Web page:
Ravens: What the Le’Veon Bell signing mean for the backfield

Ravens, Le'Veon Bell (Photo by Jamie Squire/Getty Images)
Ravens, Le'Veon Bell (Photo by Jamie Squire/Getty Images) /

Eyeing additional running back help following the loss of both J.K. Dobbins and Justice Hill for the season, the Baltimore Ravens signed veteran Le’Veon Bell to their practice squad on Tuesday.

In a move that few would have ever seen coming just a few short years ago, Bell will be joining the Ravens practice squad and is expected to provide some much-needed depth to the team’s backfield.

Bell spent five years playing with the Ravens’ bitter enemies, the Pittsburgh Steelers, where he established himself as one of the best running backs in football.

After sitting out of the 2018 season, the Ravens were reportedly one of the teams in on Bell in the 2019 offseason. He ultimately decided to sign with the NY Jets instead, and his career hasn’t been the same since.

But two-and-a-half years later, Bell is finally on his way to Baltimore. Albeit under very different circumstances.

Le’Veon Bell could play an important role with the Ravens

Bell was brought in on Monday alongside Devonta Freeman and Elijah Holyfield with the Ravens looking to add another running back following the losses of Dobbins and Hill.

But where exactly does Bell fit in? What role might he play in 2021? And when could we expect to see him on the active roster?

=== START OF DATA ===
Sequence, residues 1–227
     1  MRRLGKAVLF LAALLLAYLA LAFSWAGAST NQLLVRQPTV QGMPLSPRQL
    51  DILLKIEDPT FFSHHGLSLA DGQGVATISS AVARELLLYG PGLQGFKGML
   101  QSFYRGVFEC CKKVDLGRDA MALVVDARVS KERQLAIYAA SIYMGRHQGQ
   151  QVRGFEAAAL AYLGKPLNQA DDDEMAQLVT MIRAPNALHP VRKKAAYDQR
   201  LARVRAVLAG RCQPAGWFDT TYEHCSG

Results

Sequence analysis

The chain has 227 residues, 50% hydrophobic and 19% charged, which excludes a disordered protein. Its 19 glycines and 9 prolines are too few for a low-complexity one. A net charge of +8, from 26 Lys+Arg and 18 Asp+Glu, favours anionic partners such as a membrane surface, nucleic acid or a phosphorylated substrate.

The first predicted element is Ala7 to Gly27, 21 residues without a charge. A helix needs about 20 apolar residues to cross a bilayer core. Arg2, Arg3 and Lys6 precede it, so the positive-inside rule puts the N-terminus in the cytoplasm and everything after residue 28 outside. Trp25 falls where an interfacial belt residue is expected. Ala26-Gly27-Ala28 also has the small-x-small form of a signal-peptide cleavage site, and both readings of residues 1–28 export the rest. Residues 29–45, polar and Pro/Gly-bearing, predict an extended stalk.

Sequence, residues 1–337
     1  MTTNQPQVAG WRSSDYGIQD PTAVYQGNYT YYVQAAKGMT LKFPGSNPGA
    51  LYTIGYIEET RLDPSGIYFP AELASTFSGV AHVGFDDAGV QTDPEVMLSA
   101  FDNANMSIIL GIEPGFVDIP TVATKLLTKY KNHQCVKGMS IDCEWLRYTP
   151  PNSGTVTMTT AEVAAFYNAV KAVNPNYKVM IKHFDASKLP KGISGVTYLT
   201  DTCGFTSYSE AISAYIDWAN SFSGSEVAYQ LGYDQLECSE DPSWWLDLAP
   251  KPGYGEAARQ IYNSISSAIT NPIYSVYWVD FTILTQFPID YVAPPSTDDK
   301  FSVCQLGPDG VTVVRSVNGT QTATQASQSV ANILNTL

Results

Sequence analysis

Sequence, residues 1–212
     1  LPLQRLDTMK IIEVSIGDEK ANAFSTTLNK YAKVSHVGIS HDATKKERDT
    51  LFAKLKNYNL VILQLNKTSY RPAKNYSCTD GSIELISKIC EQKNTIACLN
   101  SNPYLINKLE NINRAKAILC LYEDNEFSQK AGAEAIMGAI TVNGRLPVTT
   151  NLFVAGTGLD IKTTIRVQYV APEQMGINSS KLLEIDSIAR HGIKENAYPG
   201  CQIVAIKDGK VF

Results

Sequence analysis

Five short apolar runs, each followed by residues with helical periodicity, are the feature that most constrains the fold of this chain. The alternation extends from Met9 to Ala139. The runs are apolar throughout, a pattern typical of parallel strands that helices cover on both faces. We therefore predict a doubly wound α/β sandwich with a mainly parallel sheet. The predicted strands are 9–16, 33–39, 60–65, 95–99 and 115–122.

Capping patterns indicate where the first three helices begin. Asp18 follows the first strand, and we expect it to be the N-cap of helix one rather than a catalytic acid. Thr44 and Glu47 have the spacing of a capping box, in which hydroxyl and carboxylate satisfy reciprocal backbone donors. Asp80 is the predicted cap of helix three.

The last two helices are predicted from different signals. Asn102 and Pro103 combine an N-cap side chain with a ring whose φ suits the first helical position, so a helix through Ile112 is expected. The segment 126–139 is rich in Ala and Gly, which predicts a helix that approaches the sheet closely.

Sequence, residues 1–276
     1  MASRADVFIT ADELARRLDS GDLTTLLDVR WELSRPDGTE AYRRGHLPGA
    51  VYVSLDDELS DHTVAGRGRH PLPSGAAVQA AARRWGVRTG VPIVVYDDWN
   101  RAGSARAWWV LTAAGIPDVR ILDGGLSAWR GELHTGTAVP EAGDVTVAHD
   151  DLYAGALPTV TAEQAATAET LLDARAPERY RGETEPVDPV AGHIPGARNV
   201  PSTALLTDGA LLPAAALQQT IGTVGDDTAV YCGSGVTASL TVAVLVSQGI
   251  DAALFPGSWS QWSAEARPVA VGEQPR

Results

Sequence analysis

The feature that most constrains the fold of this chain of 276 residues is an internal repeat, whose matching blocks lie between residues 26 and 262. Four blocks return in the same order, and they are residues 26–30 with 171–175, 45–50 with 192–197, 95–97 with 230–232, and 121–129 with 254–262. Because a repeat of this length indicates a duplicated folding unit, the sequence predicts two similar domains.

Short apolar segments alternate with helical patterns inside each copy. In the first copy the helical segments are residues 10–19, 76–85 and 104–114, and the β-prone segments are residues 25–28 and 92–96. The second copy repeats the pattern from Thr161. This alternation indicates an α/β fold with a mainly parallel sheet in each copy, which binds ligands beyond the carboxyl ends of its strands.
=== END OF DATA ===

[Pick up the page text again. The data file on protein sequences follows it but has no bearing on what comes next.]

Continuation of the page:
Bell isn’t exactly the direct replacement for Hill. That player might be Trenton Cannon who the Ravens are reportedly close to signing as well.

Cannon is a special teams ace with excellent speed, albeit not someone you want carrying the football too much. He’s virtually a Justice Hill clone.

If the Ravens do sign Cannon, it’s likely he’ll take Hill’s place on the active roster. Why Cannon over Bell? Really, the only answer is special teams.

Bell isn’t going to be someone who’s asked to play on special teams. He’s played just 11 special-teams snaps in his entire eight-year NFL career. It’s just never something he’s done.

Instead, Bell could be elevated on game days or eventually signed to the active roster to serve as the team’s de facto third-down back.

Bell may be a shell of his former self, but he’s still a more-than-capable receiving back who doubles as an excellent pass protector. And that’s exactly what the Ravens were looking for.

The addition of Bell doesn’t necessarily affect the share of touches that Gus Edwards and Ty’Son Williams will receive. He merely supplements the backfield by giving the team a veteran who can catch out of the backfield.

The days of Le’Veon Bell carrying the ball 15+ times a game are over. He’s little more than a role player at this point.

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But that’s perfectly fine. Both player and team understand his assignment.